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LI native Sue Bird goes for her third WNBA title at age 37

Seattle Storm's Sue Bird drives past Phoenix Mercury's

Seattle Storm's Sue Bird drives past Phoenix Mercury's Yvonne Turner during Game 5 of WNBA semifinals Sept. 4, 2018, in Seattle. Credit: AP/Elaine Thompson

FAIRFAX, Va. – Every minute counts.

That’s how Sue Bird approaches basketball. It’s how she approaches life. It’s why before the start of the Seattle Storm’s practice Tuesday that Bird could be seen multitasking behind the bench, conducting an interview via phone while also warming up on a stationary bike.

Bird, the oldest player in the WNBA, can’t say how many minutes are left in her legendary playing career. So the 37-year-old point guard who learned the game as a kid in Syosset is trying to squeeze the maximum out of every moment as she attempts to win her third WNBA championship with the Storm.

 “In some ways I feel younger than ever because this is probably my last chance at doing this,” said Bird, whose team enters Game 3 of the Finals Wednesday night with a 2-0 lead over the Washington Mystics in the best-of-five series.

Bird isn’t saying she’s going to retire after this season. It’s just after 17 seasons with the Storm – after a WNBA-record 508 regular-season games and 196 playoff contests – she knows just how hard it is to get to this place, one game away from winning it all.

“The reality is I’ve played now for something like 100 years,'' Bird said. "I’ve gone to the finals three times. OK, it’s three out of 17 years? That’s not a very good ratio. You never know when you’re going to go back.

“I’m not saying that this team doesn’t have a lot of talent. Maybe we could do it next year. Or the year after.  But I know if you don’t take advantage of now, you never know when the next time is going to be.”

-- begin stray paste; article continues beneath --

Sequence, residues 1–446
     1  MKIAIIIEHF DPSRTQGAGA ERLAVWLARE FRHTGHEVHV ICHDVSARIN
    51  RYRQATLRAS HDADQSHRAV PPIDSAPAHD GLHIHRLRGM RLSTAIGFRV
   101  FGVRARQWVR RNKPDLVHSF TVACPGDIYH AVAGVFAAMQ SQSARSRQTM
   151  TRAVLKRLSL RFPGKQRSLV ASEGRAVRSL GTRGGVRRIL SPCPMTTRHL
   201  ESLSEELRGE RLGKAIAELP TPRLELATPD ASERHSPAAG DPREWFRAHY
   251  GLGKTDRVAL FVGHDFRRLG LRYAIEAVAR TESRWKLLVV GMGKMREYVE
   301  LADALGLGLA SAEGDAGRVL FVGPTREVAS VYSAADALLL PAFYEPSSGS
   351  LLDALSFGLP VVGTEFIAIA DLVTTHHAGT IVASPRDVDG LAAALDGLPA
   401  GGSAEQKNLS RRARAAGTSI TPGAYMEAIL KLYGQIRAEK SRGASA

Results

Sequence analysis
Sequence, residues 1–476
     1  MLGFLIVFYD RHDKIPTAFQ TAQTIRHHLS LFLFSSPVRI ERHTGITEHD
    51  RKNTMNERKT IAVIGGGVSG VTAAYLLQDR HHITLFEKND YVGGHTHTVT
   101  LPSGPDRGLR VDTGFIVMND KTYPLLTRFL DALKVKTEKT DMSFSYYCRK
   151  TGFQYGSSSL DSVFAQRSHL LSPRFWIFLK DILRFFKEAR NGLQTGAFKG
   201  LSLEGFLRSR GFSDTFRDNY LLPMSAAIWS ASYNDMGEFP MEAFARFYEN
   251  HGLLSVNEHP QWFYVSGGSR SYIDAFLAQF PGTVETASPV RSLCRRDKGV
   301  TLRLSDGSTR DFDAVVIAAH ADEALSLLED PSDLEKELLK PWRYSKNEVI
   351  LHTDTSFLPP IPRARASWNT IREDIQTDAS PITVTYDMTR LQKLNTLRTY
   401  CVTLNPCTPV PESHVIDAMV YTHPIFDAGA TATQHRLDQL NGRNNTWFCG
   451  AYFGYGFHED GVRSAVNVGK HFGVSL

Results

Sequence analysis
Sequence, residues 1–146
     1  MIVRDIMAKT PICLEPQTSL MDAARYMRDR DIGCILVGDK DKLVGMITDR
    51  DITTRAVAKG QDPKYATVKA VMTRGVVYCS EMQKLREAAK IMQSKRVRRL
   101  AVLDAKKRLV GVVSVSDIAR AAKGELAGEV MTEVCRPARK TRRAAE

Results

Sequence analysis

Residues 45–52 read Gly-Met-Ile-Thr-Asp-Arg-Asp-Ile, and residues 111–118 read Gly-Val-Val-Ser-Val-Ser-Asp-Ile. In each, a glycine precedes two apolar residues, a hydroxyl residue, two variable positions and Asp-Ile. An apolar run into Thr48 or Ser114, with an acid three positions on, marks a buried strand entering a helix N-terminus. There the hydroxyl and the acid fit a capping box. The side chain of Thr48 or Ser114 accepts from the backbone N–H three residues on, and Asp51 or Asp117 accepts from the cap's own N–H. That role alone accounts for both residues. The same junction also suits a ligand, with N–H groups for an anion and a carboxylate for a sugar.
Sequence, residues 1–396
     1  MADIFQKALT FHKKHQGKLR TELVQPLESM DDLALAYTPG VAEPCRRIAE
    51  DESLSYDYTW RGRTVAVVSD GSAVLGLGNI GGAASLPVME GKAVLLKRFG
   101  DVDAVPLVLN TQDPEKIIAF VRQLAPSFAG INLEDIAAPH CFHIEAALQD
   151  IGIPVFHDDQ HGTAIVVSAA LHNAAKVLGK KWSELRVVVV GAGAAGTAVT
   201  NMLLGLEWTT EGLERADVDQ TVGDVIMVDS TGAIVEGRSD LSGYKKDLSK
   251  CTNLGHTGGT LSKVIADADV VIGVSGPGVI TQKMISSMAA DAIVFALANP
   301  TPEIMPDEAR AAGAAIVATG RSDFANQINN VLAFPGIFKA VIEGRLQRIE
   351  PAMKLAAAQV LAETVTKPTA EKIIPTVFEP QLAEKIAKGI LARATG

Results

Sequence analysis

Bird won her titles in 2004 and 2010 playing with 6-6 star Lauren Jackson, and after Jackson retired in 2012 Bird went through some very tough years. Bird was the top free agent in the league in 2016 but agreed to help the Storm rebuild.

She said Tuesday that when she agreed to stay with the team, she thought she would be more of a bridge to the next generation. She never expected such a quick turnaround, never expected that with the help of league MVP Breanna Stewart and rookie Jewell Loyd that she would be back in the finals this year.

Stewart said the 5-9 Bird is the engine that makes everything happen.

“She’s the best point guard in the game,” said Stewart, who averaged 22 points and 8.6 rebounds in the regular season. “When I think of what Sue’s done for me, it encompasses everything. Teaching me how to be the leader of this team, how to handle big playoff games, how to take care of your body. Anything she does, I’m just trying to follow in her steps. She is a legend.”

A legend who is arguably having one of her best seasons in the twilight of her career. Not only has she set career records for assists and games played this season, she has turned in some jaw-dropping performances, with Game 5 of Seattle’s win over the Phoenix Mercury in the semifinals leading the list. Playing with a broken nose, Bird stole the game when she scored 14 points in the final six minutes to clinch her third trip to the Finals.

Bird said afterward it was one of the best games of her career. And this run to the Finals may be her most satisfying.

“I think the thing I take pride in is the duration of the entire thing,” she said. “I wasn’t on one great team that went to the Finals three years in a row. I’ve been with three different teams and three different points. I think it speaks to an ability to figure things out.”

And get the most out of every moment.

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